But consider this list of Super Bowl quarterbacks who were taken nowhere near the top pick: There’s first-rounders: Joe Flacco (No. 18 overall in 2008) and Patrick Mahomes (No. 10 in 2017). There’s second-rounders: Colin Kaepernick (No. 36 in 2011) and Jimmy Garoppolo (No. 62 in 2014). There’s even a couple third-rounders: Russell Wilson (No. 75 in 2012) and Nick Foles (No. 88 in 2012).
Fine, the No. 10 pick isn’t that far from No. 1. But Mahomes is as talented as any quarterback who has ever played, and nine teams passed on him.
If you go back one more year past our 10-year window, you’ll find another future Hall of Famer that slipped by most of the league: Aaron Rodgers, who took the 2010 Green Bay Packers to the Super Bowl, in which they faced the Pittsburgh Steelers. Pittsburgh’s QB, as it happened? Ben Roethlisberger, a first-rounder, yes — but one who was selected at No. 11 in 2004.
Rodgers, if you’ll remember, was taken by the Packers at No. 24 in 2005. He stewed as he waited at draft headquarters.
“It’s not so funny when you’re the last one in the green room,” he said at the time.
No, it’s probably not. Whiffing on the most physically gifted quarterback who has ever played is another reminder of the luck involved in building a Super Bowl contender, especially the fortune needed to find a title-capable quarterback.
If nothing else, the last decade — plus a year — shows there is no pattern to where the best quarterbacks reside in any given draft. Except that the best quarterbacks are rarely found at the top of the first round.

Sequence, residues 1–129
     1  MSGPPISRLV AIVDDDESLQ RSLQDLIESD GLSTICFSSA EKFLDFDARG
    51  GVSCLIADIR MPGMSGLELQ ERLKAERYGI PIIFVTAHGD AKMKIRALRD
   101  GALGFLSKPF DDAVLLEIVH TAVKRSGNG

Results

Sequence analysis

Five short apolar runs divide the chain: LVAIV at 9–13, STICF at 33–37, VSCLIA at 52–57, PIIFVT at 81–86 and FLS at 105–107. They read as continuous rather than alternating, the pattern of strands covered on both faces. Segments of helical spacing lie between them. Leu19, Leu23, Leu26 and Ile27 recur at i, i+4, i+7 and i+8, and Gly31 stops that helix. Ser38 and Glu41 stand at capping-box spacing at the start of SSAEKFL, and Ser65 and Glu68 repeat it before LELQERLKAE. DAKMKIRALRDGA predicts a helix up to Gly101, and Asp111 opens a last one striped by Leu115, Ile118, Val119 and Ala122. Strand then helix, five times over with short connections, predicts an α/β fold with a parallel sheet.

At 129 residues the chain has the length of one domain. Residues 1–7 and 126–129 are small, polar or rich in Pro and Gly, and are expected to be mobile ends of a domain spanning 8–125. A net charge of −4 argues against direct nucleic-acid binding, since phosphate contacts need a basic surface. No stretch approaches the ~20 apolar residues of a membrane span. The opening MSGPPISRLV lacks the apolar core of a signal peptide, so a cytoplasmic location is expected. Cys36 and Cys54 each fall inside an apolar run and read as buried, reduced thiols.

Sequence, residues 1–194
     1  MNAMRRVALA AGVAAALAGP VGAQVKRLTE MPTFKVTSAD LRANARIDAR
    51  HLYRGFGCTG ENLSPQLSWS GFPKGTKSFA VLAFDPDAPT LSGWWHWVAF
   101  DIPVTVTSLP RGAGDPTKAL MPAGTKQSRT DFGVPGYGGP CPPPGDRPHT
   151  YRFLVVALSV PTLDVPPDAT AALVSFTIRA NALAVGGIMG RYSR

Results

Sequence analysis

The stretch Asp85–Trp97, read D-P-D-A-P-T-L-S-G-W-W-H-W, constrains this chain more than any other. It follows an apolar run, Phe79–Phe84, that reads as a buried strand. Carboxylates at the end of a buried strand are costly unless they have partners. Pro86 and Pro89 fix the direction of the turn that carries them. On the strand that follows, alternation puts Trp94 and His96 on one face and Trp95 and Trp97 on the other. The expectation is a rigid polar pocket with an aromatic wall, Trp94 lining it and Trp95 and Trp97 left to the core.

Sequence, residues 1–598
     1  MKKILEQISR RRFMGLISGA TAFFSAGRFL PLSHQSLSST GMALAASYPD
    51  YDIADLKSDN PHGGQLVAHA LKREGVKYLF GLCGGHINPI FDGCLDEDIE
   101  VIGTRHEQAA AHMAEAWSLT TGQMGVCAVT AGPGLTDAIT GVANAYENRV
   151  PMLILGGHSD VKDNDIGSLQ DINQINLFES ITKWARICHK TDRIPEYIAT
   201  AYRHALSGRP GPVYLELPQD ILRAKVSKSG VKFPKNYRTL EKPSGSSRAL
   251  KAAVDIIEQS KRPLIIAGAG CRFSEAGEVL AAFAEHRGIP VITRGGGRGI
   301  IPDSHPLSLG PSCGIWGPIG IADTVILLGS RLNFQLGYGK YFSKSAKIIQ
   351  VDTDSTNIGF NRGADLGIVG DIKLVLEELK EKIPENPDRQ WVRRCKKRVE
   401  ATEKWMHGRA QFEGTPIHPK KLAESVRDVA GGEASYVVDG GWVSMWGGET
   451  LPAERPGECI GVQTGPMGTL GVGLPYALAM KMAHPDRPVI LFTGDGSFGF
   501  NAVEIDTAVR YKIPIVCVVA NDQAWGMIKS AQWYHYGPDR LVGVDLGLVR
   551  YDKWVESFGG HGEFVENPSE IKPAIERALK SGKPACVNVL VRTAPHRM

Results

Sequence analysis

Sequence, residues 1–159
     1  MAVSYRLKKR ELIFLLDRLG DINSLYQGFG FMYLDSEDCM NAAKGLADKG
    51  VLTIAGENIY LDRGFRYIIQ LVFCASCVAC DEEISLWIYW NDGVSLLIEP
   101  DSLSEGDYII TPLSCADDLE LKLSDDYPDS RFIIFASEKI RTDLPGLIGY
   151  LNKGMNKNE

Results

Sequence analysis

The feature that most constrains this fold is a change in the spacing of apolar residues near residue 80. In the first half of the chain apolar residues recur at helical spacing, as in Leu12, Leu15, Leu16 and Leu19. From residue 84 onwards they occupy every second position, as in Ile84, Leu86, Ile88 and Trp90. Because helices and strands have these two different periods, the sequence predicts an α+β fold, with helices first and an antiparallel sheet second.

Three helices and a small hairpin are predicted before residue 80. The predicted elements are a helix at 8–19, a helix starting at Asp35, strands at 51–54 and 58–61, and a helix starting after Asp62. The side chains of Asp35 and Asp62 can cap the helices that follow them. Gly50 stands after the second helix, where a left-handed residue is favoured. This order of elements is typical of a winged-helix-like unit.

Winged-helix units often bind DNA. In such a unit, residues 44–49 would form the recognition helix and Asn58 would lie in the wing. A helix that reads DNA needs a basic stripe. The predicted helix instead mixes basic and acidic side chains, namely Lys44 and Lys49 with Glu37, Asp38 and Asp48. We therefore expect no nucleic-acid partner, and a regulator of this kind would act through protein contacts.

This is partly explained by the top “prospects” frequently landing with organizations with a recent history of losing. Most teams drafting in the top few spots obviously have lots of issues, too many for one player to fix.
True, the NFL is set up — in theory — to help the worst teams get better through draft order and scheduling (teams with losing records play easier schedules). But all organizations aren’t created equally. Not that anyone needs to tell a Lions fan that. Or that anyone needs to remind you that Matthew Stafford was drafted No. 1, too.
He was a good quarterback in Detroit, sometimes great. He was also inconsistent — and not enough to overcome the Lions’ institutional dysfunction.
What’s more critical to next year’s draft — and the two or three after — is that the institution keeps working to improve the overall talent deficit. So that when the franchise brings in its next quarterback — no matter what pick — he’ll have the best chance to thrive.
Yeah, Mac Jones would’ve been a clever pick last spring. Then again, he is playing for one of the best coaches in the history of the league, with one of the NFL’s best defenses supporting him.
Jones would look different here. Just as Goff looks different here — remember, he won a playoff game (albeit in relief) just last season with the Rams.
Goff may not be the Lions’ quarterback for the future, but they still have a long way to go to get ready for said quarterback to arrive. Try not to fret about the draft rankings that will pepper your timelines for the next few months.
The future is far off. And a quarterback can come from just about anywhere.
Contact Shawn Windsor: 313-222-6487 or email@example.com. Follow him on Twitter @shawnwindsor.